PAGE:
The troupes. The clubs. The stars. The 2014 drag is­sue.

GA Voice - - Front Page - By DYANA BAGBY dbagby@the­gavoice.com

Two years ago, Blane Bussey picked up a cam­era and started pho­tograph­ing At­lanta drag queen Edie Cheezburger out­side her nat­u­ral habi­tat of night­clubs and bars.

Plac­ing a glo­ri­ous drag star in so-called nor­mal set­tings ap­pealed to the 30-year-old artist, and Bussey hasn’t put down his cam­era since.

“This was noth­ing I ever thought I would get in­volved with,” he says from the liv­ing room of the house in West At­lanta he shares with Nathaniel Jef­frey, aka Mo’Dest Vol­gare.

“I didn’t go to drag shows. I was one of those peo­ple that al­ways said, ‘there are so many drag shows in this town.’ Then I shot Edie and it was so in­ter­est­ing how they came out.”

The idea of shoot­ing queens was part of an idea to put dif­fer­ent kinds of gay peo­ple in nat­u­ral set­tings. When he was shoot­ing Edie in a wooded area, for ex­am­ple, a Latino fam­ily walked into the shoot.

“It was in­ter­est­ing to see all the dif­fer­ent types of peo­ple com­ing to­gether. Th­ese are peo­ple you would think don’t nec­es­sar­ily get along. But that ex­change with that fam­ily was amaz­ing. What we were do­ing could be seen as be­ing quite weird. But we took the shame out of it and pro­jected it as a fun thing to do,” he says.


Bussey is one of the found­ing mem­bers of Leg­endary Chil­dren, a team of queer South­ern artists cel­e­brat­ing At­lanta’s new ris­ing stars in the drag scene.

Bussey is now fo­cus­ing his en­ergy to­ward the his­tory of At­lanta’s drag scene and seek­ing out pho­tos from the past to in­clude in fu­ture pho­tog­ra­phy in­stall­ments. So far, he’s got a box of old pho­tos from Ni­cole Paige Brooks rep­re­sent­ing the early 2000s.

So far, though, Brooks’ pho­tos are the only ones he’s been given. He’s hop­ing oth­ers will be will­ing to trust him with their mem­o­ries so he can help record the “leg­endary chil­dren” of years past.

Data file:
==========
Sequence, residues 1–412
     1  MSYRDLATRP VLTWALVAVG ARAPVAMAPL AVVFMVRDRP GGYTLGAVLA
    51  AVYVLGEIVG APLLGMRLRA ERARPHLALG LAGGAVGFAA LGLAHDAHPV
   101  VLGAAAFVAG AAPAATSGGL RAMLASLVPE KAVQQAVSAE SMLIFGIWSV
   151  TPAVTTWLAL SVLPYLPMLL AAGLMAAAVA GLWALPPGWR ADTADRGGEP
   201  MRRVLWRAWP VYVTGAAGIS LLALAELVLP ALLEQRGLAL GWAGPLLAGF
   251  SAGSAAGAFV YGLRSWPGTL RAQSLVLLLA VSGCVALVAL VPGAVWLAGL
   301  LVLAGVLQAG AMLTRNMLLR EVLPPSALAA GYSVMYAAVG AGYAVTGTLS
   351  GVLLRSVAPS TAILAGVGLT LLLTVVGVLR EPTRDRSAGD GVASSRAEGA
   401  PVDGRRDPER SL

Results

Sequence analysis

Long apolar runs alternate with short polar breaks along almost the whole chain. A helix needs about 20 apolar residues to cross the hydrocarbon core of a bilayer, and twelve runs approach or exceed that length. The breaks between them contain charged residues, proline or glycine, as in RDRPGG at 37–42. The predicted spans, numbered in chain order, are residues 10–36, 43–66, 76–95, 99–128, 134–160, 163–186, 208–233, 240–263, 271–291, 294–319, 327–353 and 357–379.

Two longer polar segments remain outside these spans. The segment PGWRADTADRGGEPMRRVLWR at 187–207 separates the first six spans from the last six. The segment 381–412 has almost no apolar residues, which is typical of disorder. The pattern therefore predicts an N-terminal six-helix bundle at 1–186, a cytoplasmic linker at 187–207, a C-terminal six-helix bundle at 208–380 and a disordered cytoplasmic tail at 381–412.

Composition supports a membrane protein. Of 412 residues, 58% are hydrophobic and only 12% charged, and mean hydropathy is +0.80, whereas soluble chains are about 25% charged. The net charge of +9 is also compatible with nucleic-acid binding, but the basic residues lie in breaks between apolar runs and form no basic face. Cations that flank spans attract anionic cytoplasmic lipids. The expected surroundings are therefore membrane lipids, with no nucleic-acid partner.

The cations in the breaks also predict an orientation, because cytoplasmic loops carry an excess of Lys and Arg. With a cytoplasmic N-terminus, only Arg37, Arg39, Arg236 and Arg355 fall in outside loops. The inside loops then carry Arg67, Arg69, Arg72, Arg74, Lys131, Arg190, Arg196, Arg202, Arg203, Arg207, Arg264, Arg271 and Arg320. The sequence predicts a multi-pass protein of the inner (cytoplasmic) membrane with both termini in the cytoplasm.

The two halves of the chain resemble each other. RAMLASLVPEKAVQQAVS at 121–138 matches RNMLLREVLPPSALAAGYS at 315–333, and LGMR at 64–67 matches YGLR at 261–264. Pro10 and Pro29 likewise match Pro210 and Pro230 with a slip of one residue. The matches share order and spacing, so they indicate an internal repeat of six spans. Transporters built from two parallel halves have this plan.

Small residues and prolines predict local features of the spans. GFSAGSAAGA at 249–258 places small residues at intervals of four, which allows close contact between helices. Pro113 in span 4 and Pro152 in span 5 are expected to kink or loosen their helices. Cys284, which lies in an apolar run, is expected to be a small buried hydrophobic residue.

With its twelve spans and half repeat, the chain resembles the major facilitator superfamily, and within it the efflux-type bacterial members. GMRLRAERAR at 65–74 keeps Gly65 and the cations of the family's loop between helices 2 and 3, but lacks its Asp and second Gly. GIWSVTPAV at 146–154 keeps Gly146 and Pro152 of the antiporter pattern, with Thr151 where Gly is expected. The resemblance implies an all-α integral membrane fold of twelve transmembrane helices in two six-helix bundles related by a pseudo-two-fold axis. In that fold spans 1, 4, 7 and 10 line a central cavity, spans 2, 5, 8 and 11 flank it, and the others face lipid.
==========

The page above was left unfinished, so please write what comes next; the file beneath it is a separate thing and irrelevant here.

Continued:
“Drag queens are not all like what you see on ‘RuPaul’s Drag Race,’” he says. “Some have been here for­ever. They have lived in­ter­est­ing lives. I want to doc­u­ment their ex­pe­ri­ences. And that’s the trick part—get­ting them to loan me their pho­tos.”

Bussey en­vi­sions per­haps blow­ing some of the old pho­tos up, putting them on Tum­blr, cre­at­ing shows around the ac­tual prints.

The idea came to him after the first Leg­endary Chil­dren show.

“We had th­ese big prints and Mo’Dest asked what will hap­pen to them after we are dead,” Bussey says. So what does hap­pen to pho­tos taken of a cer­tain point in time that are a snap­shot of At­lanta’s LGBT life? There are LGBT his­tory projects at lo­cal li­braries and univer­si­ties where some of this is archived. But Bussey is go­ing for a spe­cific sub­set of gay cul­ture—the en­ter­tain­ers who, he says, paved the road for much of the free­dom he can en­joy as an openly gay man.

“Doc­u­ment­ing their lives is im­por­tant be­cause it shows re­spect. I re­spect what they have done for me. What they did in our com­mu­nity cre­ated a com­mu­nity for me to be in,” he says. Also, it’s in­ter­est­ing to no­tice the changes over the years in clothes, the com­mu­nity, the queens them­selves.


A pre­lim­i­nary showcase of his ar­chive project is a photo al­bum in­clud­ing pic­tures from Ni­cole Paige Brooks’ early days, his early life as a young gay man liv­ing in New York and Po­laroid snap­shots of his fam­ily. All are from about the same year, around 2000. For Bussey, com­bin­ing drag fam­ily with his bio-

Top: Gay artist Blane Bussey cap­tures At­lanta drag queens Mo’Dest Vol­gare and Ni­cole Paige Brooks rid­ing MARTA.

Above and right: Blane Bussey is ar­chiv­ing older pic­tures from At­lanta’s drag scene, in­clud­ing th­ese of Ni­cole Paige Brooks and EJ Aviance, as part of a project to doc­u­ment the scene’s his­tory. (Cour­tesy Blane Bussey) log­i­cal fam­ily is im­por­tant to the project and shows how the two play sig­nif­i­cant roles in his life as a gay man.

“Ni­cole and Mo’Dest are my fam­ily now. I wanted to show the par­al­lels,” he says.

Bussey funds his art work­ing as a strip­per at Swing­ing Richards and as a bar-back at Jun­gle. He hopes one day to make a full­time liv­ing do­ing the work he loves.

And one day, he hopes, the large prints of drag queens hang­ing in his home will be hang­ing in a mu­seum or on the walls of some­one else’s home.

“I want to rep­re­sent the di­ver­sity in our world through my work. That is my main mis­sion,” he says. “I don’t want things to be ex­clu­sion­ary. I lived so much of my life feel­ing ex­cluded.”

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